If there is a special living thought to Freud's comments in this footnote--found on page 181 of the Standard Edition--it is one that has been lost for many who have followed Freud, those who have taken display of mastery in interpretation or in matters of theory to be of value in and of itself. Freud's gloss on this, however, is quite different. He states, regarding his theoretical presentation to the Rat Man: "It is never the aim of discussions like this to create conviction. They are only intended to bring the repressed complexes into consciousness, to set the conflict going in the field of conscious mental activity, and to facilitate the emergence of fresh material from the unconscious. A sense of conviction is only attained after the patient has himself worked over the reclaimed material, and so long as he is not fully convinced the material must be considered as unexhausted."10 Thus, Freud's own seeming slip from psychoanalysis into Freudianism here is merely a technical maneuver on his part to elicit additional Unconscious formations, not an end in itself.
The subsequent history of psychoanalysis can be read as a series of variations on and responses to these various coordinates in Freud's work which I have articulated here. Ego Psychology, for example, must be understood as the substitution of Freudianism for psychoanalysis, leaving us with what I termed above the mirage of psychoanalysis. This theoretical shift has critical technical repercussions: namely, the substitution of the analyst as master, master of his ego and of reality, and of the Unconscious of the patient--Freudianism's analyst-- for the analyst as the enigmatic elicitor of Unconscious formation. Successful analysis is then structured around a recognition of such mastery by the analysand (our term for the patient, or client, in analysis) and subsequent identification of the analysand with such a master, the analyst. The transference--that supposition of knowledge--given by the analysand is accepted by the Ego Psychologist as a just sense of mastery.
Kleinianism and Object Relations, in contrast, must be seen in great contrast to Ego Psychology in that, instead of endorsing Freudianism, both seek to repudiate Freudianism. This repudiation, however, is not only in the terms of a rehabilitation of psychoanalysis, as I defined it above--though I would say that both of these orientations remain truer to analysis than ego psychology--, but rather a repudiation through substitution. In this sense, the critical move of these two theories has been to replace Freudianism's Oedipalization with a series of pre-Oedipalizations, a series of elaborations of theories of the Unconscious based on a template of necessary pre-Oedipal configurations. This too is not without consequences, for I cannot help but wonder if the very interactive interpretive style characteristic, say, of the Kleinians is not derived from a need to verbalize or articulate a whole series of non-verbal phenomena--what Lacan would term Imaginary--whose basis in various archaic, or pre-linguistic, stages in development would thus lead to the necessity of their articulation on the part of the analyst--the analysand cannot speak of them at all: no words or memories. The move away from Freudianism, I endorse, but not to replace it with something else.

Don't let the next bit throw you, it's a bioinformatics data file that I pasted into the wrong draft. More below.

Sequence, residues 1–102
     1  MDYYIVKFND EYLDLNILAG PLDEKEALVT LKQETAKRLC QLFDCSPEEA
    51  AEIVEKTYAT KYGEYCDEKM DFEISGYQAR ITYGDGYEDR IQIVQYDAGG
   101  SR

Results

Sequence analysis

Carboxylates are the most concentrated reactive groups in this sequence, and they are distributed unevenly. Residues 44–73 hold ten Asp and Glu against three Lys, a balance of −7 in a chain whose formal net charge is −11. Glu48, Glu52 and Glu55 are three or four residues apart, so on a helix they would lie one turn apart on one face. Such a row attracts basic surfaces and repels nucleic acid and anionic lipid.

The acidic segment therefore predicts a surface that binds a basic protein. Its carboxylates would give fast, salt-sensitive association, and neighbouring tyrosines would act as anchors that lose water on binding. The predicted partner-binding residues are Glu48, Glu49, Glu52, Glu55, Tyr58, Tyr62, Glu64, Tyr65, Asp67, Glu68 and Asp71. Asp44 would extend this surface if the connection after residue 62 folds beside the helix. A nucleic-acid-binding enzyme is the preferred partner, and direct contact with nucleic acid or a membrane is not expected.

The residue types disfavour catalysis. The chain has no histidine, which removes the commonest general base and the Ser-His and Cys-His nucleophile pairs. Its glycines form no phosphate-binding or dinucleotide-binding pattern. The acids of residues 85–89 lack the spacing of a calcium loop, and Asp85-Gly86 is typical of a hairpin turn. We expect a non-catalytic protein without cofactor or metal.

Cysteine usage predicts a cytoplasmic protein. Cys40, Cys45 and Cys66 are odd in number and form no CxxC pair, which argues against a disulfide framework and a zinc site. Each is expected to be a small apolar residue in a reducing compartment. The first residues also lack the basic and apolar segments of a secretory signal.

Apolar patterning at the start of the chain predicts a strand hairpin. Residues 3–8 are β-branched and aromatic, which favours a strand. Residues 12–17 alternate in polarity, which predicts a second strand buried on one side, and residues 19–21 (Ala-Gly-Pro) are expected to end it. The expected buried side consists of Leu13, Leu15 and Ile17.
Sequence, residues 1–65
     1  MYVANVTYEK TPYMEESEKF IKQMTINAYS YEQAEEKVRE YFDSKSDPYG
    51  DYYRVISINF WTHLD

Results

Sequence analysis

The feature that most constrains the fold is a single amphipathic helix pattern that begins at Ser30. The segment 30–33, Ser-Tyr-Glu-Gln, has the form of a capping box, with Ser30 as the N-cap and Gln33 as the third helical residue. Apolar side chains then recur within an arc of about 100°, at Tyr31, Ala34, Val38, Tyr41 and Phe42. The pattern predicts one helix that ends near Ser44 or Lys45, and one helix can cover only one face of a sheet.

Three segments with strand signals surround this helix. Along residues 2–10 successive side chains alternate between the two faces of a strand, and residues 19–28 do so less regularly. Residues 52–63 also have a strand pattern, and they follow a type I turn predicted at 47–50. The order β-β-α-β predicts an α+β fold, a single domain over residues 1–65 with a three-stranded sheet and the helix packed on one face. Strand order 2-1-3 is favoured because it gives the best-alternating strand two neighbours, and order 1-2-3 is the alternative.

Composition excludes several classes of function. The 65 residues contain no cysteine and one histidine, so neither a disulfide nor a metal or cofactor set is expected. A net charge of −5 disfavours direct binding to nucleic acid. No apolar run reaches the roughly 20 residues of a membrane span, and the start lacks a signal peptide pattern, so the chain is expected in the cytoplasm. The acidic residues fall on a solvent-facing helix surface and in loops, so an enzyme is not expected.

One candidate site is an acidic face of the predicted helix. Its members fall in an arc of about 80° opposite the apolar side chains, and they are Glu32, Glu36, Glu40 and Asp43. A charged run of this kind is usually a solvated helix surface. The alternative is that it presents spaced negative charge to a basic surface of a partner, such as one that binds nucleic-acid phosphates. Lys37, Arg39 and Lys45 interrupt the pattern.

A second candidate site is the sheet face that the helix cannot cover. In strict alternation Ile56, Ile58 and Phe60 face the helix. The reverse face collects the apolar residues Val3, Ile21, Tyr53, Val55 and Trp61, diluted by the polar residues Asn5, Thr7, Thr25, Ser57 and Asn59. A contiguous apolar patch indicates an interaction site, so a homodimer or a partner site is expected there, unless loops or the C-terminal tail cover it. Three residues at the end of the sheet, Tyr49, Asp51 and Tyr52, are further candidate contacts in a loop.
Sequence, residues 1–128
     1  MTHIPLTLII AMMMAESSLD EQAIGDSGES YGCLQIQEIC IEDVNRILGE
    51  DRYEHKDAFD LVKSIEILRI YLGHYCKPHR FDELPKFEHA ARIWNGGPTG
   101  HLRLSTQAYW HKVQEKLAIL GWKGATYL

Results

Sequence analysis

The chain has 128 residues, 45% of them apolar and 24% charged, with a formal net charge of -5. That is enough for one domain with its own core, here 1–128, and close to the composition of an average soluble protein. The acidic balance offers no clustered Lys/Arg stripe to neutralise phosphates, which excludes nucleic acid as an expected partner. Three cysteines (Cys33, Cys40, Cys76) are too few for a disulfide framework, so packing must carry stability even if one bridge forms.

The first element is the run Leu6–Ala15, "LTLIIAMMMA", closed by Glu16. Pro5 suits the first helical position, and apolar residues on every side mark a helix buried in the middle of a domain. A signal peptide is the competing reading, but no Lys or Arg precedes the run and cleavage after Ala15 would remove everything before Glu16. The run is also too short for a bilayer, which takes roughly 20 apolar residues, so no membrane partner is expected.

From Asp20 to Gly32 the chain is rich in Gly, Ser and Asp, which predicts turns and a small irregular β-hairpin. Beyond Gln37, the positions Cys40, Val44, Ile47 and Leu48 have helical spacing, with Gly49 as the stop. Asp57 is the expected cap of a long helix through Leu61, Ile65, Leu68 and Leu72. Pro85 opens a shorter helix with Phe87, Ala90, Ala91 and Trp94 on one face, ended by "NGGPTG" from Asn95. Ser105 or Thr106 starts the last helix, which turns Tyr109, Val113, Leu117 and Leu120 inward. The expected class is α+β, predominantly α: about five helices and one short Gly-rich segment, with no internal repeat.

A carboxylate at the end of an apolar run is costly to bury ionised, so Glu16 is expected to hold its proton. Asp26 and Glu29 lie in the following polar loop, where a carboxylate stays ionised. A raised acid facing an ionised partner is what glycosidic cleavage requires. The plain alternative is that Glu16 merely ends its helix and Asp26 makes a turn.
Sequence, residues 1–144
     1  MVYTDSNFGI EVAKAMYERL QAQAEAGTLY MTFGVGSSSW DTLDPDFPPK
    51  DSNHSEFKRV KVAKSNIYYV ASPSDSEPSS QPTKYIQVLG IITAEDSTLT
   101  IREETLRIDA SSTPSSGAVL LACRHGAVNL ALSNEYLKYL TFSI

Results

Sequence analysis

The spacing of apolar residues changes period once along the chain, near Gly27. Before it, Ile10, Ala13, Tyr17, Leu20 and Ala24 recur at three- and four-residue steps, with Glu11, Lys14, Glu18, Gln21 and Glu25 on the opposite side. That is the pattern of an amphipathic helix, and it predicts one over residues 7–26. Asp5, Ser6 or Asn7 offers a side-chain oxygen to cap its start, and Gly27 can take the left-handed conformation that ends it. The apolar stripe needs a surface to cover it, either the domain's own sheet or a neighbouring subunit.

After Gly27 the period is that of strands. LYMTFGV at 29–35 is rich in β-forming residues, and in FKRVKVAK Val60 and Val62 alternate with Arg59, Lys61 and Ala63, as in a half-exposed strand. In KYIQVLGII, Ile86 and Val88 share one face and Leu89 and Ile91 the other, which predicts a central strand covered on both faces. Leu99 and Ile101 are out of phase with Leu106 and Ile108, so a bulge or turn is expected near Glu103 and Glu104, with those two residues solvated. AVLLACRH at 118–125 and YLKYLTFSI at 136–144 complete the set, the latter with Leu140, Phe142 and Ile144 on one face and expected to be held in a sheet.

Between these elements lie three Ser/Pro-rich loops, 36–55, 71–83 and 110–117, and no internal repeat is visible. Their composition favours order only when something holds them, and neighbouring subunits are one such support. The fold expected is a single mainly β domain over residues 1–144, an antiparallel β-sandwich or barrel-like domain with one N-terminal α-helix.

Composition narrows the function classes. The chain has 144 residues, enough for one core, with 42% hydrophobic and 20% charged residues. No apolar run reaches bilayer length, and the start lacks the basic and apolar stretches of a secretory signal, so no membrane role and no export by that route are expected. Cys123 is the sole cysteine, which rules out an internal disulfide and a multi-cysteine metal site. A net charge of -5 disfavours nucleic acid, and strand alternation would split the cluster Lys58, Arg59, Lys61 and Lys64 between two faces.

There is one final historical development I want to discuss--common in various contemporary therapies and which we might attribute to Carl Rogers, who certainly articulated its theory as much as anyone. I would describe this development--like Kleinianism--as the response of Rogers and others to Freudianism, and to a certain extent, to psychoanalysis itself. The key to understanding Rogers lies in the rejection by the analyst of the position of Mastery. In terming his therapy as Client-Centered, Rodgers argued--and not without a significant validity which I will endorse--that the truth of the patient, if we can put it that way, is not to be found in the analyst--whose mastery will deliver the truth to the analysand, or client to use his term--but in the client himself. The therapist simply reflects the thoughts and feelings back onto the client and whatever is inhibiting the client from actualizing his self--his true self--will resolve itself.
Now, given my criticism here and elsewhere of what I term Freudianism, I might endorse this Rogerian criticism of Freudianism. After all, though I did not discuss this at length above, one of the key tenets of the Freudian discovery of the Unconscious is that the Unconscious is particular--particular to each individual, with a unique set of associations and meanings to be delivered to the symptom. That being the case, the Truth certainly is with the patient, with the patient in the form of Unconscious truth. And this is certainly no news for those here engaged in clinical practice of analysis or therapy, for the clinic shows time and time again how erroneous our interpretations may be--whether voiced or not. However, the knowledge or assumption that the Truth is in or with the Unconscious of the analysand does not make that Truth necessarily any more accessible to an analysand. The Unconscious is, by definition, repressed and, as such, inaccessible to the analysand.